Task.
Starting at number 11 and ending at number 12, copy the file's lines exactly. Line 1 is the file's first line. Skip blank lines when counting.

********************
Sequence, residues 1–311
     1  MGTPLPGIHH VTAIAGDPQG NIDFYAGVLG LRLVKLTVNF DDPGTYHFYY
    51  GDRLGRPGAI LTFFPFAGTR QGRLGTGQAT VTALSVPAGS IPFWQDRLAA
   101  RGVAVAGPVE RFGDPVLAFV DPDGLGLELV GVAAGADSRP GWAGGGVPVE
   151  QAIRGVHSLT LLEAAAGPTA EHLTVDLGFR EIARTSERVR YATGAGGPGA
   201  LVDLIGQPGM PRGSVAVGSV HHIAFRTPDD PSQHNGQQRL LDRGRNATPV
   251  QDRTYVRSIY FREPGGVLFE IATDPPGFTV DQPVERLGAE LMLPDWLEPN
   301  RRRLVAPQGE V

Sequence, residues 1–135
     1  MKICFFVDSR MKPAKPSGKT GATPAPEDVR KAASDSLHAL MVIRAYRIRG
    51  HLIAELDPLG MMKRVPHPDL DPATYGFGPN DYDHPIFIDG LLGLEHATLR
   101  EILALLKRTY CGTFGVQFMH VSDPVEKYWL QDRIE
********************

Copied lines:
    51  HLIAELDPLG MMKRVPHPDL DPATYGFGPN DYDHPIFIDG LLGLEHATLR
   101  EILALLKRTY CGTFGVQFMH VSDPVEKYWL QDRIE